If you are regularly taping your games, you have the resources you need to review individual and team performance and help your team correct mistakes or continue to perform well in areas that they do well in. If you are using multiple angles of video, this can also be helpful for analysis. With football, for instance, game film can help you see if players are being positioned on their line effectively, or if there are things they can work on. In the middle of a game, it can be difficult for a player to be aware of everything that is going on, regardless of the sport. At any given time, there can be anywhere from 10 to 22 players, plus referees and the ball to keep track of, depending on the sport. That’s a lot going on, and most players choose to trust their team and focus just on their role. While this is great for the game, it means that sometimes they may miss something that could improve the team’s performance. Reviewing game film videos can help with that.
Watching game film video with your team allows you to remove the emotion from your analysis. If there is a play that went wrong or something that was missed, you can sit down with the players involved and watch what happened. Then, talk through what was going on in the moment, what went right, and what didn’t. When a player can clearly see what happened, removed from the emotion and adrenaline of the game, there is a much higher chance of them being able to fix it. The change in perspective can also help them analyze how their actions interact with the rest of the team. Each of these sessions should include some coaching on what should have happened, and then running that play on the field to help them apply the corrections immediately, if possible. These corrections and learning opportunities are a huge part of what seperates a team that does well from a really good team.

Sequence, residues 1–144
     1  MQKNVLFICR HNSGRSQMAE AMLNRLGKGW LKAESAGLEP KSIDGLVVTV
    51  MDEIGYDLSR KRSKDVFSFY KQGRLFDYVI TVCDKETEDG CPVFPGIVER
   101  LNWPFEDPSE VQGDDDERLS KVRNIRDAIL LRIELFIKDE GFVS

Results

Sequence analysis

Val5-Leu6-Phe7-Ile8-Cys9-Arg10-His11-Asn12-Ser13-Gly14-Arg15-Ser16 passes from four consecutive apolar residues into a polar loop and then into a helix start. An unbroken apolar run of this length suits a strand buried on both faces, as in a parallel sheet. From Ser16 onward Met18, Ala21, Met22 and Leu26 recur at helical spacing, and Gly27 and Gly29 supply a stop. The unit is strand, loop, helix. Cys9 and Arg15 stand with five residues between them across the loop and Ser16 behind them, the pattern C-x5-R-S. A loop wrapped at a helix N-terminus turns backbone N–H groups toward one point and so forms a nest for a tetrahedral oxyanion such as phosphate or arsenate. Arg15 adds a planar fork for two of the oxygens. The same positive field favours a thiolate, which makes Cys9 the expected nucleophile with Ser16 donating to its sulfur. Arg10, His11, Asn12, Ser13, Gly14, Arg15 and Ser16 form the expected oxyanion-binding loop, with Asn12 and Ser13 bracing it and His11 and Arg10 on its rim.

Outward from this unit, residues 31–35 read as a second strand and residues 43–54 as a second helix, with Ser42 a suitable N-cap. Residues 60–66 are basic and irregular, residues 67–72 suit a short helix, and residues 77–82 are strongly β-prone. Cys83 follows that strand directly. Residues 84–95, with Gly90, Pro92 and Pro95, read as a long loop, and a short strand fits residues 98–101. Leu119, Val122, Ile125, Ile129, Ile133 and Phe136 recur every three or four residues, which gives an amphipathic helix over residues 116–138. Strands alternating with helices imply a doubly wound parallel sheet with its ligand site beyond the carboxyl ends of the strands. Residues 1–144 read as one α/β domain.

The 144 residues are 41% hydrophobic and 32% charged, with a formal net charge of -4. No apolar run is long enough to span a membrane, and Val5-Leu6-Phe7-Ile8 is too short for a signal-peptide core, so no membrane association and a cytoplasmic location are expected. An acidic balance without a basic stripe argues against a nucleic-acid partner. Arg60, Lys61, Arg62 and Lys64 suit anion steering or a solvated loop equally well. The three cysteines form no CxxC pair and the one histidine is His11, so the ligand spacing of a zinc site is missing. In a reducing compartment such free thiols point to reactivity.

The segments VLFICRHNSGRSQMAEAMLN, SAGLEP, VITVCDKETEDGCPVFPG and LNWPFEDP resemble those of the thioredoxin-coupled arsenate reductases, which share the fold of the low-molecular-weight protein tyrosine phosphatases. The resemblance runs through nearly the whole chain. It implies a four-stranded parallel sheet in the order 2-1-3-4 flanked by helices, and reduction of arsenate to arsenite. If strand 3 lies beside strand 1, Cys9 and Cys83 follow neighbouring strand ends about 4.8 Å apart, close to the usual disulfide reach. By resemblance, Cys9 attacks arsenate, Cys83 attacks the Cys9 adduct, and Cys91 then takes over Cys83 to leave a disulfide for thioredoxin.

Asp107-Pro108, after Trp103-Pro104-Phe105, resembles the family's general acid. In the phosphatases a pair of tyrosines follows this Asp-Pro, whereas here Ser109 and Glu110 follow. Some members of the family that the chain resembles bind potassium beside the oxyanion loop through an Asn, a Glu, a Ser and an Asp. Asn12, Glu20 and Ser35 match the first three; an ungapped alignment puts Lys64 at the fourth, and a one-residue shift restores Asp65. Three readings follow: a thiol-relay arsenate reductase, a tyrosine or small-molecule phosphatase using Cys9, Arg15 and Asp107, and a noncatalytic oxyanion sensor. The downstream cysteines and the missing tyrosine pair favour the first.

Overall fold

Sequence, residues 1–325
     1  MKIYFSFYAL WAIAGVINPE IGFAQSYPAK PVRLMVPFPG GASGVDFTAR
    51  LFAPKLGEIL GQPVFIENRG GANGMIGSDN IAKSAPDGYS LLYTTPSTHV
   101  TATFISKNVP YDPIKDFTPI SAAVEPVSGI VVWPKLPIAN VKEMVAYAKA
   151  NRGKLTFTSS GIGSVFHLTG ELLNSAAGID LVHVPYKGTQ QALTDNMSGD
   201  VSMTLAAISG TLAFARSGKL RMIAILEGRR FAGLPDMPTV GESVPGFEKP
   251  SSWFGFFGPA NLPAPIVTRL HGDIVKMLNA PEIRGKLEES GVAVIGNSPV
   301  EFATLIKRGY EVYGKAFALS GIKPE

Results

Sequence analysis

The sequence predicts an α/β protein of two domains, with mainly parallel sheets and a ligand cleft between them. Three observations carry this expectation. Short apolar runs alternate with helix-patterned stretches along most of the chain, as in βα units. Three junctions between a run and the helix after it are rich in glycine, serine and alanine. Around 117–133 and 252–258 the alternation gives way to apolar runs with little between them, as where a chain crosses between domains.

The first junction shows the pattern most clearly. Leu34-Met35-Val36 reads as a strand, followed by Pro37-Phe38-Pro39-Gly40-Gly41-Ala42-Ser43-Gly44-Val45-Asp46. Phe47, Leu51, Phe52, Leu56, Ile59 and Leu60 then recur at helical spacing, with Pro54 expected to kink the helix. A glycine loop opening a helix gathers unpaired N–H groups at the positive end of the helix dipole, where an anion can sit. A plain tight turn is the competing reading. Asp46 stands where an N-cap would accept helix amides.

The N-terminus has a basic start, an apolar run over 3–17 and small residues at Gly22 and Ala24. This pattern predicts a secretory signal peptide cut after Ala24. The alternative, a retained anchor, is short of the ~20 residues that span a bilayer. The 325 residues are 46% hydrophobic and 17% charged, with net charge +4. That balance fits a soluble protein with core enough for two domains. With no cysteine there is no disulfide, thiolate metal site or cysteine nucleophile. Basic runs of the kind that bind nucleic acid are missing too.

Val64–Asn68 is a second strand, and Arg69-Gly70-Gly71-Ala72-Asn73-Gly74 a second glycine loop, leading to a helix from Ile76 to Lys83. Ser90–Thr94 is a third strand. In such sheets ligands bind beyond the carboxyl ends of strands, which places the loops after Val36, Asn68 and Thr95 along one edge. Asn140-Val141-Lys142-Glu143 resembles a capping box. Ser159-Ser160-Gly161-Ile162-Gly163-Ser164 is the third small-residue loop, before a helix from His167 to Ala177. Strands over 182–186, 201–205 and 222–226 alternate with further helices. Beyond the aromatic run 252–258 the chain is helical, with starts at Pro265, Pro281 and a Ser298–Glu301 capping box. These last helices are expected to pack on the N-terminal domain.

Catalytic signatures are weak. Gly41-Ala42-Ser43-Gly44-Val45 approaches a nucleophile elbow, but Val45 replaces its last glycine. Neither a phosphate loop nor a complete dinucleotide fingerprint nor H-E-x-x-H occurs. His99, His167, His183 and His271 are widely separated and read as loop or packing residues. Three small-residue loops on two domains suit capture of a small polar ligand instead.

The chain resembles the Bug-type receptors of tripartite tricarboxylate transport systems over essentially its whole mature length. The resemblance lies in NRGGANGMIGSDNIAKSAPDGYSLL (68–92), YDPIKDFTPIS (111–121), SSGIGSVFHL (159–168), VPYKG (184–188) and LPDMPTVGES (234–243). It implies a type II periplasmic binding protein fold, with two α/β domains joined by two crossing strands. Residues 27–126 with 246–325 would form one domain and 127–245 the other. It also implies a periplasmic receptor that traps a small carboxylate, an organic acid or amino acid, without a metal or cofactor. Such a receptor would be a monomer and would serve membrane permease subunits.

Analyzing Your Competitors
Studying your opponents using game film video can be incredibly useful when done right. It isn’t enough just to look at how the other team lines up or what their favorite moves are. You and your team should be paying attention to those things, but you should also be looking at how they would react to your regular plays. If you can study their games and figure out how they are will defend against your plays or get around your defense, you have a better chance of reacting to counter that. This requires careful analysis of film and paying attention more to the individual players than to what is happening with the ball.
In the end, how you do or don’t use game film video can be the thing you need to push your team to the next level. Using it effectively in coaching makes teaching new plays, correcting mistakes, and preparing for your next game easier and more effective in the long run.
Storing your game film videos on your phone or computer takes up way too much space and can make them difficult to find. Host them with QwikCut for easy storage, sharing and analysis options that are perfect for you and your team!
"When you are not practicing, someone else is getting better."
– Allen Iverson